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Water, Carbon and Nitrogen Cycles

The Carbon Cycle.

What is the Carbon Cycle?

The carbon cycle describes the movement of carbon
through the environment. Carbon exists in the ground, in
the sea, in plants and animals, and in the air. Carbon
moves through the processes shown in the picture below. 

The Carbon Cycle

How does the Carbon Cycle work?

The natural processes shown in the picture above can
release carbon dioxide into the atmosphere
(shown by red arrows) by combustion, decay and respiration,
remove carbon dioxide from the atmosphere (shown by blue arrows)
by dissolving in the sea (see below) and by photosynthesis,
"lock up" carbon in the ground (shown by green arrows)
as a fossil fuel or by forming carbonate rocks.

Carbon dioxide
in the atmosphere dissolves in rain water,
forming carbonic acid (H2CO3(aq)).
(l)     + CO2(g)        H+(aq)    +      HCO3-(aq)

This makes rain water naturally acidic (pH = 5.5).
This acidic rain water will react with carbonates in rocks.

Rain water containing dissolved carbon dioxide
finds its way into the sea (see the water cycle).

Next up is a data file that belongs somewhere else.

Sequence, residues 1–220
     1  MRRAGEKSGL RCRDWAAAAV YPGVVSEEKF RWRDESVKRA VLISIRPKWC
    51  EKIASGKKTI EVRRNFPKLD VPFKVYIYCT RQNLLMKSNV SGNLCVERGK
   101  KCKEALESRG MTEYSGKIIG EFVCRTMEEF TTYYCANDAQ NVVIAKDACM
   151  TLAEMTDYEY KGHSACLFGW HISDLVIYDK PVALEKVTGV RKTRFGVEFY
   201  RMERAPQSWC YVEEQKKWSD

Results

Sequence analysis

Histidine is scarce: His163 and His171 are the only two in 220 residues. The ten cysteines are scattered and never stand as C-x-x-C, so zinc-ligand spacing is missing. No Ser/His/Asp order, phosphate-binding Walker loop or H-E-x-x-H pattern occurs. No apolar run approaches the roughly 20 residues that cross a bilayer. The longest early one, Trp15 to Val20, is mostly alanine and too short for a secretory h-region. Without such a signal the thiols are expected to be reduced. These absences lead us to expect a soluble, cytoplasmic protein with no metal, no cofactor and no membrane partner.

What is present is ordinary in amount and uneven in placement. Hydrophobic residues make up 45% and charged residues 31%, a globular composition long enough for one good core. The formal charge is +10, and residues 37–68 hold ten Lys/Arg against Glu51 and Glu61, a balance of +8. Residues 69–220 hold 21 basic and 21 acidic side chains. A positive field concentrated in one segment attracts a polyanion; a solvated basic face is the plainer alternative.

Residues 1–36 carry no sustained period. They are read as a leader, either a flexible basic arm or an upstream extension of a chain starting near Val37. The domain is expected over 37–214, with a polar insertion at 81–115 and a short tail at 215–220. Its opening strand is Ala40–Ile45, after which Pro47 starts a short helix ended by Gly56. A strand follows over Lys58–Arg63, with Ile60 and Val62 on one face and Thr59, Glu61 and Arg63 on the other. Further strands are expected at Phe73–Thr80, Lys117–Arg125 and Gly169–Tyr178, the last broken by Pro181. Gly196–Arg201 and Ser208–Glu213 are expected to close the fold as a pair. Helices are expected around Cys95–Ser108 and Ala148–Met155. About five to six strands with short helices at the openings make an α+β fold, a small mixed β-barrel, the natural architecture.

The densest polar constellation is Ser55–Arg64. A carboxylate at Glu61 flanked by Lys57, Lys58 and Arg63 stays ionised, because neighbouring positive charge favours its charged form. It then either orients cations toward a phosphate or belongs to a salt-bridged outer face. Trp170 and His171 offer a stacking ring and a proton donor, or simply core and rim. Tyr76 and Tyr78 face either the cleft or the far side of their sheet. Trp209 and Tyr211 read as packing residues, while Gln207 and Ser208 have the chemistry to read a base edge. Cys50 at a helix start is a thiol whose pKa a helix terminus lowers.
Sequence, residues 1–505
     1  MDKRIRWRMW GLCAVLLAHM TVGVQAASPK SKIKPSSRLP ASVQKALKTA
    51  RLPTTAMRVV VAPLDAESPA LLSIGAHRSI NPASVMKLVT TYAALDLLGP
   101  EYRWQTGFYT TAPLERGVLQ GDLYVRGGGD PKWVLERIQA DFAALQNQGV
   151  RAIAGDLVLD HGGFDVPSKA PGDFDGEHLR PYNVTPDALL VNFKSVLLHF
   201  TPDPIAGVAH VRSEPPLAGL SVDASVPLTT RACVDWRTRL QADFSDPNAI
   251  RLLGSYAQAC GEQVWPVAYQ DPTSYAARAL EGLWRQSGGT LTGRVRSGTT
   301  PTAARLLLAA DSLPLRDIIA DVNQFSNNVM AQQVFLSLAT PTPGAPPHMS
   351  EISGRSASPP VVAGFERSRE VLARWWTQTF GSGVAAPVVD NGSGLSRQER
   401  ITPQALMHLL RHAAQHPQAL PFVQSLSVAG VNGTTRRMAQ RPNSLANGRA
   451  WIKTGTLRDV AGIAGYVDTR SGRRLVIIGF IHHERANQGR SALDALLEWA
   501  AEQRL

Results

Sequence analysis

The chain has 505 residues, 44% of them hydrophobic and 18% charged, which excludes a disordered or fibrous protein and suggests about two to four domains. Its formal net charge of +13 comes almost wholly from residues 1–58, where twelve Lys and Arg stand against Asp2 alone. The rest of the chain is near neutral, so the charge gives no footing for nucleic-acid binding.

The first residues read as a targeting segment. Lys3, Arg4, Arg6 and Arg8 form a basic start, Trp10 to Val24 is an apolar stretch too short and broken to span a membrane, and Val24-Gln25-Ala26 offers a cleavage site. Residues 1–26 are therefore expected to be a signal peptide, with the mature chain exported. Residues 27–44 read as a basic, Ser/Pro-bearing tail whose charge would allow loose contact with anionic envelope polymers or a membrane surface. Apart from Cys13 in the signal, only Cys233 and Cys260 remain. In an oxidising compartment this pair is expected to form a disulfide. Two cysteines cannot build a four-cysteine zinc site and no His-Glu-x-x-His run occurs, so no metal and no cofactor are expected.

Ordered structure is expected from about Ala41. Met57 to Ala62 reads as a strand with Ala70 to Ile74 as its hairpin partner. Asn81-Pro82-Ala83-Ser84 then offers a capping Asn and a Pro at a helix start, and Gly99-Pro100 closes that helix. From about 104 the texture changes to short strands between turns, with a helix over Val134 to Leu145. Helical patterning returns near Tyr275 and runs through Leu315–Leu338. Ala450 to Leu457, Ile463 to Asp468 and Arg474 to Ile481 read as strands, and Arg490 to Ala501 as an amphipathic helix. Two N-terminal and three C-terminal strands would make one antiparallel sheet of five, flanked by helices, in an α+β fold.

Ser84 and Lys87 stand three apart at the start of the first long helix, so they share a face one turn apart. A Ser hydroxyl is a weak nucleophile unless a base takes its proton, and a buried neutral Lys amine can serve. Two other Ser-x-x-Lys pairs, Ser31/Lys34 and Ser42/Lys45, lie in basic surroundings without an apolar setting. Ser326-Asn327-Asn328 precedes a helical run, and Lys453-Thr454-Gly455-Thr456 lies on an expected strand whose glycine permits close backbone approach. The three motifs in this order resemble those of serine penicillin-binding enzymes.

Carbon dioxide also dissolves directly into the
surface of the sea. The huge oceans are an important
gas reservoir for carbon dioxide (they store it).

Chalk and limestone release carbon dioxide into
the atmosphere when they react with acid rain.
If chalk or limestone are forced down into magma
and heated, then carbon dioxide may be
released into the atmosphere from volcanoes.

The burning of fossil fuels is increasing the amount
of carbon dioxide in the atmosphere faster than nature
can remove it. Deforestation (cutting down forests) is
making this worse, as it reduces the removal of
carbon dioxide from the atmosphere by photosynthesis.

See also global warming and greenhouse gases.

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